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A recent JAMA study yielded a negative conclusion, but a new study on a different population found significant benefit.
Indian researchers have concluded that vitamin D has a “definite role” in the management of moderate to severe bronchial asthma, even though a JAMA study yielded null results just weeks ago.
In the six-month study on 100 asthmatic children in India, researchers Madhu Yadav and Kundan Mittal assigned each child to a daily sachet of vitamin D3 (totaling 60,000 IU each month) or glucose placebo. Monthly visits up until the end of the study would indicate that vitamin D3 use was associated with fewer asthma attacks, significantly lower use of steroid drugs for asthma relief, significantly reduced asthma severity, and better test scores with a peak expiratory flow meter.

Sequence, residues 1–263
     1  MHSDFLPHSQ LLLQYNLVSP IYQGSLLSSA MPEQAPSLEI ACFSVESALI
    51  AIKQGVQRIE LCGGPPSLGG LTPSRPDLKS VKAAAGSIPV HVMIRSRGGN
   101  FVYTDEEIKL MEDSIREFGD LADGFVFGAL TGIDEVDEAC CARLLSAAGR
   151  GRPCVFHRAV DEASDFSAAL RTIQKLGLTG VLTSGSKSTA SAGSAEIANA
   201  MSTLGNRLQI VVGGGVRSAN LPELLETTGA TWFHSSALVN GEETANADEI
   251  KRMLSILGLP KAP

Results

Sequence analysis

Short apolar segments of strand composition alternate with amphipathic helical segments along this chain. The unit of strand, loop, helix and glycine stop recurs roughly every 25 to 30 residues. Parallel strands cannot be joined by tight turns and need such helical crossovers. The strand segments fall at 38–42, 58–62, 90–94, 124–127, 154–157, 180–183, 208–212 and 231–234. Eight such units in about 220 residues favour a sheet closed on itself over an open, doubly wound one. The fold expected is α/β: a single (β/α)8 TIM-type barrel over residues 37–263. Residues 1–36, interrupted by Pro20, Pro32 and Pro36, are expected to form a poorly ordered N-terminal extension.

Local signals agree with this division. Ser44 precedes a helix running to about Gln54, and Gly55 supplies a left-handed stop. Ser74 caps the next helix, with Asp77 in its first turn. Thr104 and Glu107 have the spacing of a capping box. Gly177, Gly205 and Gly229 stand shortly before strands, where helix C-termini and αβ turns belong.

While Yadav and Mittal admit that they should have measured vitamin D blood levels before and during the study, their conclusion that vitamin D has a “definite role” in managing asthma alongside standard asthma treatment makes matters interesting. The JAMA study on 200 adults using the inhaler drug ciclesonide with added vitamin D3 did not show similar benefit.
It appears the jury is still out on whether or not vitamin D intake can help with asthma.
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